Decision maker Hunch.com opens up

Social answer and decision-making service Hunch is now open to everyone. Should you use it?

Crowd-sourced decision-making helper Hunch.com is out of private beta today. The site helps people make decisions based on how they answer questions from user-created quizzes ( See our hands-on from April ). Anyone can create these, however the strength of the site is that they can be linked to credible, outside sources to back up any advice or claims. There's also an algorithm that learns more about you as you use the site. The more it knows, the less of the quiz questions you have to answer to get valid recommendations.

Hunch says you only need to answer 10 sample questions for it to start delivering customized recommendations. However, for some topics, such as personal health or survival situations, it's worth going through the motions of answering each individual question. The efficacy of that depends on how well the quiz was put together though. The way Hunch handles that is to put newly-created quizzes into a holding tank called "the Workshop" where other users can bang on it, and provide feedback or fixes. If enough people like it, it graduates to being a part of the site. Otherwise it gets put into the "scrap heap" where you can see the titles and creators, but not the quizzes themselves.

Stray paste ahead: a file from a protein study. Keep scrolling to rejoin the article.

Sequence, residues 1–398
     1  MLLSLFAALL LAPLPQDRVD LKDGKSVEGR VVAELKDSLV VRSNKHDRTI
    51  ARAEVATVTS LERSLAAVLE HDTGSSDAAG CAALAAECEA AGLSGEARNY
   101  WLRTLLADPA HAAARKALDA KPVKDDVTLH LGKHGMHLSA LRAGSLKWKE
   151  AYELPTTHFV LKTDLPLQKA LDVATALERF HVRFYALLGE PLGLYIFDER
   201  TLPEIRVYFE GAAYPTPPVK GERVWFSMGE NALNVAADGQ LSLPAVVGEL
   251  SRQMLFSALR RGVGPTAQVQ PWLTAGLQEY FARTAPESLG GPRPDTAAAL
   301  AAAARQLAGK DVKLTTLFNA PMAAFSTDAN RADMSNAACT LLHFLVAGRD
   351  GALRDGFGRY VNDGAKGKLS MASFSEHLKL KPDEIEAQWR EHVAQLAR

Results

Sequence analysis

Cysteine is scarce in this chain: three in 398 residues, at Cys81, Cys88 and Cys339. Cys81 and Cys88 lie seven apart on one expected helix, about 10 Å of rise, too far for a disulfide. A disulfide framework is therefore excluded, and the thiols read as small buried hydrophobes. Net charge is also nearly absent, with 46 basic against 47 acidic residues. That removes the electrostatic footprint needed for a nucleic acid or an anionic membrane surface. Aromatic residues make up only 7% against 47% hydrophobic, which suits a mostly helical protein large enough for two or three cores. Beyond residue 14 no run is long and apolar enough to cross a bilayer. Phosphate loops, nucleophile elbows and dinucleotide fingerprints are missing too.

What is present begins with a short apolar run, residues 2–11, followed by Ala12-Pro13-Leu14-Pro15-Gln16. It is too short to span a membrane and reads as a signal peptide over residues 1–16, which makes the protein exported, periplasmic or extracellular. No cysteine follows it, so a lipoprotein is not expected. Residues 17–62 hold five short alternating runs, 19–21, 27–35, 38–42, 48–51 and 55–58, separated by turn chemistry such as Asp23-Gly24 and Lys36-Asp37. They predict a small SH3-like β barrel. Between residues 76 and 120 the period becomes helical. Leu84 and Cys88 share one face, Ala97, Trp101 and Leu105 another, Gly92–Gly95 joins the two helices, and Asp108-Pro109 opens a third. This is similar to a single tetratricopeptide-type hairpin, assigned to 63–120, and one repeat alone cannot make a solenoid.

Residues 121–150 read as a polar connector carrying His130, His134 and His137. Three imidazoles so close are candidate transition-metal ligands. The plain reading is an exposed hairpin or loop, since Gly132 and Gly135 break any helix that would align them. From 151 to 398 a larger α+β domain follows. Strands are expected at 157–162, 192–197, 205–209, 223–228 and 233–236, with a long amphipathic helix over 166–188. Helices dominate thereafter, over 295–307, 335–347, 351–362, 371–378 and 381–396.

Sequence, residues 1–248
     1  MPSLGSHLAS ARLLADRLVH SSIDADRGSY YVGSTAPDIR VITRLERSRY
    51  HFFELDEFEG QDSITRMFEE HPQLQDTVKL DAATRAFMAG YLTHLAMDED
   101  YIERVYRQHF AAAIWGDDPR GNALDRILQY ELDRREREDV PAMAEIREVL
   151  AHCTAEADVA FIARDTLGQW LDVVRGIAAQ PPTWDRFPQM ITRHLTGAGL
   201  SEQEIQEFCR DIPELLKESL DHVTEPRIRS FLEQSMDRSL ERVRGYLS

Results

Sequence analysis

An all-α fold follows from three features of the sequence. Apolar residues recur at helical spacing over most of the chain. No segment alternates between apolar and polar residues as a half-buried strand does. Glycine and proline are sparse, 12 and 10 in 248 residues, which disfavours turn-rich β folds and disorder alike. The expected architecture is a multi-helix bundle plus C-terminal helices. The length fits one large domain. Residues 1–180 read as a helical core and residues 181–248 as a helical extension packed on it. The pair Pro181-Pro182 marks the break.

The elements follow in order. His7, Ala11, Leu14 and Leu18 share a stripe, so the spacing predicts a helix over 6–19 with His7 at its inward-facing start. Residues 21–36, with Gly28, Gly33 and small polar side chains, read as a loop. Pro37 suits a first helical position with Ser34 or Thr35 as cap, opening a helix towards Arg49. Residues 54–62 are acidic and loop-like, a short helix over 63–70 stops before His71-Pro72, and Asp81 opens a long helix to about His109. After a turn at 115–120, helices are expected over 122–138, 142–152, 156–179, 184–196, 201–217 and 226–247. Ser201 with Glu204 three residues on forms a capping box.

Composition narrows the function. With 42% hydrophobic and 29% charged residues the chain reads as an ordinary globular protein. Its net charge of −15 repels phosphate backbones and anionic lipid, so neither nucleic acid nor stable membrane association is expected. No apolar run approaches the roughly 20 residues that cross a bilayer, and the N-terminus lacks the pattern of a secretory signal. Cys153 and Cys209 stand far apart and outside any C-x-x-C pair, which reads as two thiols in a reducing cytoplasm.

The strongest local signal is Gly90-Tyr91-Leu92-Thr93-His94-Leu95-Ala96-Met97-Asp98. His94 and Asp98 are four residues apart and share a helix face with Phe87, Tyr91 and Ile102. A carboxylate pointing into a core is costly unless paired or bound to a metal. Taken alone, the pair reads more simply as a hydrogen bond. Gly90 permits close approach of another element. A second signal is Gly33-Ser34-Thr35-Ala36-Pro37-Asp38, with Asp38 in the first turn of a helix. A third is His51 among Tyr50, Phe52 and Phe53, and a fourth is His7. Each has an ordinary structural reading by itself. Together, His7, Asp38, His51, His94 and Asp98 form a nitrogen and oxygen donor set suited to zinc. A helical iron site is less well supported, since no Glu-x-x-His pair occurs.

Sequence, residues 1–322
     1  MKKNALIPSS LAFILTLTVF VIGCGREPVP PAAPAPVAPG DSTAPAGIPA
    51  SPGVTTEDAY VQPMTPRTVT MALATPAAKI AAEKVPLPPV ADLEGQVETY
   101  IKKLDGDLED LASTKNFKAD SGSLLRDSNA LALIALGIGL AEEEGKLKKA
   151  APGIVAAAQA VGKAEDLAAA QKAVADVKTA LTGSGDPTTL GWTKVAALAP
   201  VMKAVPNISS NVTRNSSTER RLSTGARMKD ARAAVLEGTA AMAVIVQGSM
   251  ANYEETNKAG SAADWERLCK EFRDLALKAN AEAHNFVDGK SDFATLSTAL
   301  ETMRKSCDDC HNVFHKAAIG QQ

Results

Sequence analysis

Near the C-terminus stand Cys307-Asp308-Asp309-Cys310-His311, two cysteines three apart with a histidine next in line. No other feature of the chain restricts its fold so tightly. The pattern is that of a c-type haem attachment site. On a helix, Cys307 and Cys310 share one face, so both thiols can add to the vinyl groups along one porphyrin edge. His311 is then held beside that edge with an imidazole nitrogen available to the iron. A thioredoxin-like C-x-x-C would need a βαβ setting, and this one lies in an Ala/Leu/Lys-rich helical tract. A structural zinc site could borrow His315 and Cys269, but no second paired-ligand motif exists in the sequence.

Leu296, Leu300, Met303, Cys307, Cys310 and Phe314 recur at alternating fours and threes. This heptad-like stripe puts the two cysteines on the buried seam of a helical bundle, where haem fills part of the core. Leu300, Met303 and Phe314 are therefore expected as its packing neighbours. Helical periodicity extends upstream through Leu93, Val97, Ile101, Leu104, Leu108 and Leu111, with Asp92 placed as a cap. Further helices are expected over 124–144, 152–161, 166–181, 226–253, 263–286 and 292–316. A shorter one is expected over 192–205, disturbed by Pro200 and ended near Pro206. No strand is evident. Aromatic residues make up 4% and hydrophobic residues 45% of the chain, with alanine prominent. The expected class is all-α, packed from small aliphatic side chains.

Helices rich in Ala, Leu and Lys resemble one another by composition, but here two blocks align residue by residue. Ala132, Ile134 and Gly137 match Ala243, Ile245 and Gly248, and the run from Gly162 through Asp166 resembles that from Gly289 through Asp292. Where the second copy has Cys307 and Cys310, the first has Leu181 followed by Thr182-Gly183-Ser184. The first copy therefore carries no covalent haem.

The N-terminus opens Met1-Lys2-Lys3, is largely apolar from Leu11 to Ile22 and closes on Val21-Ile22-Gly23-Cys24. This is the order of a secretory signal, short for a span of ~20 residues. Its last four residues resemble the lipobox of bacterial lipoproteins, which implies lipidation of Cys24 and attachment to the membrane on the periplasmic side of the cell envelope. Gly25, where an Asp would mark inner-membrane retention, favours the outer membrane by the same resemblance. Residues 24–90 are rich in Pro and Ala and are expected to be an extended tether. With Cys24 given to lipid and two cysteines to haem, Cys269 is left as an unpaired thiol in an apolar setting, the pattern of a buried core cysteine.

Certain parts of Hunch--like medical advice, or troubleshooting guides like this bear attack defense one--are one of the service's strong points. CNET

Sites like Hunch get a great deal of traffic from search engines, which is where it may have a leg up on the competition. Since each quiz is made up of multiple questions, there is a higher potential of it showing up in searches that go outside of the main question. Hunch can then drive people to single topics, or topic pages where the site can sell targeted ad units. As it stands, the site makes most of its money off of referrals to commerce sites like Amazon, and sponsored links on result pages.

I'm still not sold on Hunch. For some things, like troubleshooting, or medical advice there's real potential for a system that can weed out irrelevant suggestions based on how you answer questions. However, others like "whether or not you should quit your job," or "what should I eat for lunch?" should be something people figure out on their own, or with the help of friends who don't need to use an algorithm.

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About the author

Josh Lowensohn joined CNET in 2006 and now covers Apple. Before that, Josh wrote about everything from new Web start-ups, to remote-controlled robots that watch your house. Prior to joining CNET, Josh covered breaking video game news, as well as reviewing game software. His current console favorite is the Xbox 360.

 

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